Britten
The Rape of Lucretia – chamber opera in two Acts to a libretto by Ronald Duncan after André Obey’s play Le viol de Lucrèce [sung in English]

Male Chorus – Elgan Thomas
Female Chorus – Elizabeth Karani
Collatinus – David Ireland
Junius – Dominic Sedgwick
Tarquinius – Josep-Ramon Olivé
Lucretia – Bethan Langford
Bianca – Elizabeth Lynch
Lucia – Nicola Said

Guildhall School Opera Orchestra
Dominic Wheeler

Martin Lloyd-Evans – Director
Jamie Vartan – Designer
Mark Jonathan – Lighting Designer
Dan Shorten – Video Designer

The Rape of Lucretia, Guildhall School
Photograph: Clive Barda If only Benjamin Britten had used a different librettist to Ronald Duncan for The Rape of Lucretia, this early and uncompromising depiction of betrayed innocence – the theme that would fuel most of his operas. Well, he didn’t, and singers, directors and instrumentalists have had to work round Duncan’s opulent, sententious and almost anti-musical imagery and have also had to work with the contrivance of the Male and Female Choruses offering their moral, narrative and historical standpoints, as well as folding the classical fable of the suicide of Lucretia (the virtuous Roman wife raped by the Etruscan prince, Tarquinius Superbus) into a Christian interpretation of redemption through suffering.

Although in general diction was good (the female roles better than the men, for once), perhaps it was a mercy that there were no surtitles in the first of four performances of Martin Lloyd-Evans’s staging of this winter’s Guildhall School opera course. Initially it couldn’t have been clearer or closer, with the seating tightly rearranged round three sides of the stage and the orchestra placed to one side of the space. Jamie Vartan’s set at first looked like the pit of an archeological dig (shades of Glyndebourne’s recent production?) from which all the characters except the two Choruses emerged and to which they returned, although at the end it seemed to imply a First World War trench.

Dominic Sedgwick as Junius & Josep-Ramon Olivé as Tarquinius in The Rape of Lucretia, Guildhall School
Photograph: Clive Barda The symbolism was obvious, sharpened further by the Choruses dressed in corporate-chic tailored suits. They extend their roles as sympathetic observers into time-travelling superior beings so distressed by what they witness that they have to restrain each other from altering the course of history. With the Choruses so involved, Lloyd-Evans plays down antique artificiality, and the action flowed more or less as naturally as some of the set-pieces allowed – the folding of the linen with some fussy stage-business; the prolonged, tension-sapping “Goodnights” at the end of Act One; and the risible ‘Down with the Etruscans’ chorus at the opening of Act two were as intrusive as in any staging I’ve seen.

The Christian annexation of the Roman story at the close remains a problem, and I rather admired the way Lloyd-Evans went over the top, with the back curtain rising to reveal a field of war-grave crosses behind the dead Lucretia. Was her rape representing the rapes of all war-abused women? Search me.

Josep-Ramon Olivé as Tarquinius & Bethan Langford as Lucretia in The Rape of Lucretia, Guildhall School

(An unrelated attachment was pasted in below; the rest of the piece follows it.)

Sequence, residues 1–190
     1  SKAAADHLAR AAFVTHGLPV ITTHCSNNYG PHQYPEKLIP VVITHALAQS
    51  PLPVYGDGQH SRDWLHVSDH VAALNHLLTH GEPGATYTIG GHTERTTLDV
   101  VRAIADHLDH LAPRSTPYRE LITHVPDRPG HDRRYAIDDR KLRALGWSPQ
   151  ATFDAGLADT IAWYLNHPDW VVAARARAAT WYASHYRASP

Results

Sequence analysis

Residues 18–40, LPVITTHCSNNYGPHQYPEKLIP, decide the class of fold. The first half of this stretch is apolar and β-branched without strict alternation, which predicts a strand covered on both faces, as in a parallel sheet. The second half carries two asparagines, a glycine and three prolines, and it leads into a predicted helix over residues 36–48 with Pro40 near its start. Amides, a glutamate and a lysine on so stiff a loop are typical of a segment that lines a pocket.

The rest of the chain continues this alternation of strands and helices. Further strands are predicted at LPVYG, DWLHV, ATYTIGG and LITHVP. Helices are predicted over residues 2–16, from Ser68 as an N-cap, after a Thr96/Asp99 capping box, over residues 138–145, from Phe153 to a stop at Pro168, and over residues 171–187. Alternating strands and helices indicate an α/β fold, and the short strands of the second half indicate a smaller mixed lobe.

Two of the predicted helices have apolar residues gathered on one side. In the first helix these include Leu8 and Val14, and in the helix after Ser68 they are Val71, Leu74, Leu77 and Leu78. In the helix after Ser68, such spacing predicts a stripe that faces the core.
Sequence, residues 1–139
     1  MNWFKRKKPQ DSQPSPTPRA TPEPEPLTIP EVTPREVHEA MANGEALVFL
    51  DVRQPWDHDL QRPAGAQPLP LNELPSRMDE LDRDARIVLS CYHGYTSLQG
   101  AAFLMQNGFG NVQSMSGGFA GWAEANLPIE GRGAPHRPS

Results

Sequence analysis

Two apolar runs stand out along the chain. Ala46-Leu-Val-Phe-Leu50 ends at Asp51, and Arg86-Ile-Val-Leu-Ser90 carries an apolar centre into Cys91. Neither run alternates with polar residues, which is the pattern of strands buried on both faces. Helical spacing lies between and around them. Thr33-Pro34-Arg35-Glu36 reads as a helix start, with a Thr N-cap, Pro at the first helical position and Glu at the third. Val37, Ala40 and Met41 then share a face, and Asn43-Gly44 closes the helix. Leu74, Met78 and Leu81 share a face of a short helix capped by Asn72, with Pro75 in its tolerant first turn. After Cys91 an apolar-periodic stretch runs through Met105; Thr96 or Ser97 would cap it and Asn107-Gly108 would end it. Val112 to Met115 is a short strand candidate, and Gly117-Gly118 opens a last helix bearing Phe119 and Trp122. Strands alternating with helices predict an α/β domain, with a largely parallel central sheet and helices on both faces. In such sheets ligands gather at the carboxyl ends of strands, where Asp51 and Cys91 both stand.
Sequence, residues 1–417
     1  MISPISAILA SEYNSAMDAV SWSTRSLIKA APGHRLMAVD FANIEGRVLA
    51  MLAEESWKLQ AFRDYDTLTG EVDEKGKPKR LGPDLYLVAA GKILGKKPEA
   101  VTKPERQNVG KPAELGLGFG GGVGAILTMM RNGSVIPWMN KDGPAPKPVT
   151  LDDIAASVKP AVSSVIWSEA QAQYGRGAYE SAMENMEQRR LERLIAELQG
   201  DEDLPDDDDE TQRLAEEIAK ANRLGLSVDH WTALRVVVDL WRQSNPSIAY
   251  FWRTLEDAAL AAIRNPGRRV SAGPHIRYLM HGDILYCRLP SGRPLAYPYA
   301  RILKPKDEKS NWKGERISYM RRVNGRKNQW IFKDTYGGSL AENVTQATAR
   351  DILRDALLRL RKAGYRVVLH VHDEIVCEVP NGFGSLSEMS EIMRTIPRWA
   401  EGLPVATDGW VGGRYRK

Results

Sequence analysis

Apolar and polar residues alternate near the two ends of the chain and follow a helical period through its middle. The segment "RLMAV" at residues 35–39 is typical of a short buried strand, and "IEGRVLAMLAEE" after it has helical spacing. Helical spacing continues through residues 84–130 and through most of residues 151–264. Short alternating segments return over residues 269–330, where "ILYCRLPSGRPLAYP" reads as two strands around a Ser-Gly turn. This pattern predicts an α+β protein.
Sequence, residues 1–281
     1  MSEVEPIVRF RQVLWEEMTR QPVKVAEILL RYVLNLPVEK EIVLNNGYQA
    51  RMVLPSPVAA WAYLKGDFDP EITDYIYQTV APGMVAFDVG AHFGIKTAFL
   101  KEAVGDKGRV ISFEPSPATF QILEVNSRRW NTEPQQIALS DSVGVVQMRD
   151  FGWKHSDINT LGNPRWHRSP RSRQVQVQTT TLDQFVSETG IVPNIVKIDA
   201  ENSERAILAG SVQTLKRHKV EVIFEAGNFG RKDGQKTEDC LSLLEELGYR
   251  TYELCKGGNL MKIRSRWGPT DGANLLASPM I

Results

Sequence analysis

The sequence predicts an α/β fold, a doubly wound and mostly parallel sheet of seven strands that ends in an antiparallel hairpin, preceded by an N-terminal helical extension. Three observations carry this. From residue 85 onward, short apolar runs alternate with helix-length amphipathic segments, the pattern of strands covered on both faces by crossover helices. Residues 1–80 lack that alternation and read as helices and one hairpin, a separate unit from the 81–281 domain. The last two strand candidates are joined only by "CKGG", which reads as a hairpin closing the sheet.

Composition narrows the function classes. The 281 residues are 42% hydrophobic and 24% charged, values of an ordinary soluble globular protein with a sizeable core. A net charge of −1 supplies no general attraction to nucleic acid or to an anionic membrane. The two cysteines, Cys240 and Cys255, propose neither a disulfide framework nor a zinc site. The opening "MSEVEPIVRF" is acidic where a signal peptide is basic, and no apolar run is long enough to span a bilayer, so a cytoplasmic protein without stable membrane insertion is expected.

Photograph: Clive Barda Yet in terms of a floating-world timelessness, the mix of costumes worked to atmospheric, non-specific ends in an economic production cleverly tailored both to the short run and the stage layout. The lighting was effective, as was the sparing use of video projection, and the lovely garden set for the post-rape section of Act Two became a simple, poignant backdrop for Lucretia’s distress. It wasn’t all obfuscation.

The GSMD fielded an impressive first cast (of two). Elizabeth Karani had the range, focus and cultivated tone for the Female Chorus, she worked the unconventional space to her advantage, and she interacted particularly well in her lullaby to Lucretia. Elgan Thomas (Male Chorus) overdid the volume of his already big tenor, but he scaled it down in his visceral, patchily pitched description of Tarquinius’s ride to Rome, and I liked the way he came across sometimes as a TV host as he addressed the audience,

Bethan Langford, who in her classically pleated robe radiated a Kathleen Ferrier-like dignity and self-possession as Lucretia, has a mezzo of considerable quality, and her English poise contrasted powerfully with the misery of her downfall, which was very movingly staged. Her words were good, but I missed the ambiguous suggestion of subconscious collusion in the rape that makes Lucretia’s suicide all the more harrowing.

As Tarquinius, Josep-Ramon Olivé had the necessary voice and musicianship, but, naturally suave and seductive, he didn’t convey much in the way of feral, glistening lust and danger. Dominic Sedgwick was compelling as the tricky Junius, who, knowing his own wife to be unfaithful, eggs on Tarquinius with an impressive display of self-interested spite. David Ireland added an interesting touch of complacency to Collatinus, husband of the supposedly unassailable Lucretia, and the beautifully sung comfort he offers her after the rape had all the intense lyricism of the forgiveness episode in Schoenberg’s Verklärte Nacht. The maid Lucia’s high, bright vocal line is always a surprise, and Nicola Said floated it with purity and a hint of mischief, which contrasted well with the warmth and authority of Elizabeth Lynch’s Bianca.

The placing of the 13-strong chamber orchestra near the singers enabled a close ensemble, further strengthened by Dominic Wheeler’s tight conducting. To my ears, it was driven rather than animated, and his approach was more orchestral than chamber-inflected. Some detail was too emphatic, while some went for little (the eerie harp music in the opening scene, for example) – a pity, because the playing was excellent.

 

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